Melvin Kiaaina and Lorelei Kiaaina, Husband and Wife; Andnadine Nomura, Plaintiffs-appellees, v. Alfred Jackson, Defendant,andchung Kuo Insurance Company, Defendant-appellant, 851 F.2d 287 (9th Cir. 1988)

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U.S. Court of Appeals for the Ninth Circuit - 851 F.2d 287 (9th Cir. 1988) Submitted Nov. 3, 1987*.Decided July 8, 1988

William J. Blair, Klemm, Blair, Sterling & Johnson, Agana, Guam, for defendant-appellant.

Jose Leon Guerrero, Agana, Guam, for plaintiffs-appellees.

Appeal from the Appellate Division for the District of Guam.

Before BROWNING, WRIGHT and LEAVY, Circuit Judges.

PER CURIAM:


Plaintiffs instituted this action against defendants after they were injured in an automobile accident involving an automobile owned by defendant Jackson, insured by Chung Kuo Insurance Co., and operated by Felix Taitague.1  Relying on a term of the insurance policy issued to Jackson, Chung Kuo denied coverage because Taitague was an unlicensed driver at the time of the accident.2 

Defendant Chung Kuo moved for summary judgment based on the provision in defendant Jackson's policy excluding coverage for unlicensed drivers. The Superior Court of Guam granted the motion. Plaintiffs appealed to the Appellate Division for the District Court of Guam. The Appellate Division reversed, holding that if the owner of the vehicle did not know the operator was unlicensed, the unlicensed driver exclusion would violate Guam public policy embodied in its financial responsibility law and would be invalid. The court remanded the case for a determination of whether Jackson knew Taitague was unlicensed. Chung Kuo timely appealed.

Our jurisdiction extends to "all final decisions of the appellate division of the district court" of Guam. 48 U.S.C. § 1424-3(c). For the purposes of determining when a decision of the appellate division is final we borrow "the standard applied by the United States Supreme Court to test the finality of state court judgments pursuant to 28 U.S.C. § 1257."3  Guam v. Kingsbury, 649 F.2d 740, 742 (9th Cir. 1981). Following Kingsbury, we must determine whether the Supreme Court would review the present case if it were a judgment from a state court.

The appellate division has finally determined the validity of the unlicensed driver exclusion, but remanded for further proceedings on a separate and potentially dispositive question. The Supreme Court will generally not review federal issues decided in state court cases when further state proceedings are contemplated. See Flynt v. Ohio, 451 U.S. 619, 620, 101 S. Ct. 1958, 1959, 68 L. Ed. 2d 489 (1981) (per curiam); Market St. Ry. Co. v. Railroad Comm'n, 324 U.S. 548, 551, 65 S. Ct. 770, 772, 89 L. Ed. 1171 (1945); 12 Moore's Federal Practice p 508.01 (1982).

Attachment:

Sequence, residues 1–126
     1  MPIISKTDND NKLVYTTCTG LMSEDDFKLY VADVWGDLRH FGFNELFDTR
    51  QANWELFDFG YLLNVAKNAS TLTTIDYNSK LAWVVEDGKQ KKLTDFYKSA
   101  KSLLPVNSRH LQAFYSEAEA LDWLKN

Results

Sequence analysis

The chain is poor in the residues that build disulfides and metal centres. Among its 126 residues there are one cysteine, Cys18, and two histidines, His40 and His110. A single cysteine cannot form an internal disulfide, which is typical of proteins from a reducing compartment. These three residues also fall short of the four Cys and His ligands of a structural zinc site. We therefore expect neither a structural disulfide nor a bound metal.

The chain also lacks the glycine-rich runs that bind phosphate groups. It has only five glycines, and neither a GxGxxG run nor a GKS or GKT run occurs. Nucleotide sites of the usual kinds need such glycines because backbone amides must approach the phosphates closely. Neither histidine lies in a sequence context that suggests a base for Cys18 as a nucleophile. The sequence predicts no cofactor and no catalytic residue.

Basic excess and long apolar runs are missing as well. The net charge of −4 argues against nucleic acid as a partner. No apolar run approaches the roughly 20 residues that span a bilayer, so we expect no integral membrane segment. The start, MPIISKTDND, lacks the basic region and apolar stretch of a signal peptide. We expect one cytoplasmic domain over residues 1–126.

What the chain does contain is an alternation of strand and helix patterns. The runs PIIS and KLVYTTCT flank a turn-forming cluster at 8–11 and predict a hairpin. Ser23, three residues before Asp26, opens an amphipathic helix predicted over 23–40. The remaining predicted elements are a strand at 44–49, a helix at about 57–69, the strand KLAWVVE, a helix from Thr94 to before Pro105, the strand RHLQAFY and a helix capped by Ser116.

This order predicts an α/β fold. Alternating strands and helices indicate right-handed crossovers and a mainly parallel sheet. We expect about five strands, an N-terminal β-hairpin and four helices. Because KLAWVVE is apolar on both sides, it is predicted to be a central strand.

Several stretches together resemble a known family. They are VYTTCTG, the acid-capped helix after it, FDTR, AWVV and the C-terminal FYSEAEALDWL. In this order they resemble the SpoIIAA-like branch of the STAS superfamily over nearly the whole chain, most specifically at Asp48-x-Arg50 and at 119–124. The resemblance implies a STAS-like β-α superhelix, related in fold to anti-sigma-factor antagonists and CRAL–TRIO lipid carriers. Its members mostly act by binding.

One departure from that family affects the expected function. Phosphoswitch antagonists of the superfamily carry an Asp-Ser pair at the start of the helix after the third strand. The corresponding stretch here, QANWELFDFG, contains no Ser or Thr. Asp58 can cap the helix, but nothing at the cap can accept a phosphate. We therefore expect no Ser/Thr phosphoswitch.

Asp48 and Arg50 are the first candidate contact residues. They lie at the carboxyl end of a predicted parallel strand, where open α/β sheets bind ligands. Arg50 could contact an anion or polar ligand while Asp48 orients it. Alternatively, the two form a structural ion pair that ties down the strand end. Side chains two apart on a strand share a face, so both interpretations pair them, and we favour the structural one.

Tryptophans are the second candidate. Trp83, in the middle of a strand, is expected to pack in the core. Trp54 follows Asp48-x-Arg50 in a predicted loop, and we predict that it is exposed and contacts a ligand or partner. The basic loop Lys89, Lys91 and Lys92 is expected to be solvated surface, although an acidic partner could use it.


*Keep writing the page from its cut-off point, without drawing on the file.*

There are four exceptions. The Court will review federal issues in state court cases even though further proceedings are pending when: (1) the federal issue is conclusive or the outcome is preordained; (2) the federal issue will survive the further proceedings and require adjudication; (3) the federal issue has been fully decided and review after remand might be precluded; (4) the federal issue has been fully decided and the case might be decided on nonfederal grounds below, but determination of the federal issue would immediately resolve the case and delaying review would erode federal policy. See Cox Broadcasting Corp. v. Cohn, 420 U.S. 469, 479-83, 95 S. Ct. 1029, 1038, 43 L. Ed. 2d 328 (1975).

The analogy this court drew to Cox in Kingsbury is imperfect. See Guam v. Manibusan, 729 F.2d 1236, 1238 (9th Cir. 1984); Guam v. Quinata, 704 F.2d 1085, 1086 (9th Cir. 1983); Kingsbury, 649 F.2d at 747-48 (Poole, J., dissenting). The Cox doctrine rests upon concerns for judicial efficiency, federalism and comity. These concerns are only minimally relevant in our review of the Appellate Division of the District Court of Guam since we review local law questions as well as questions of federal law. For purposes of the Cox analysis, in such appeals all issues are federal. Accordingly, the first two Cox exceptions have little relevance in determining the finality of decisions of the Guam Appellate Division. See Guam v. Mafnas, 721 F.2d 683, 684-85 (9th Cir. 1983) (discussing first Cox exception).

The third Cox exception--where future review might be precluded after remand--may apply. See Kingsbury, 649 F.2d at 742-43.4  Because we have jurisdiction over both issues of federal and Guam law, review after remand will be precluded only rarely. See Pennsylvania v. Ritchie, 480 U.S. 39, 107 S. Ct. 989, 996-97, 94 L. Ed. 2d 40 (1987) (discussing the third Cox exception).

The fourth Cox exception relies on the nature and importance of the federal issue, specifically whether the "state-court decision might seriously erode federal policy." Cox, 420 U.S. at 483, 95 S. Ct. at 1040; see also R. Stern, E. Gressman & S. Shapiro, Supreme Court Practice Sec. 3.8, at 124 (1986). We have also asserted jurisdiction over a decision of the Appellate Division under the fourth exception in part based on the "important federal interest in the prompt and definitive resolution of significant issues of Guam law," Quinata, 704 F.2d at 1086 (criminal jurisdiction over minor); cf. Manibusan, 729 F.2d at 1238 (denial of motion to dismiss insufficiently significant).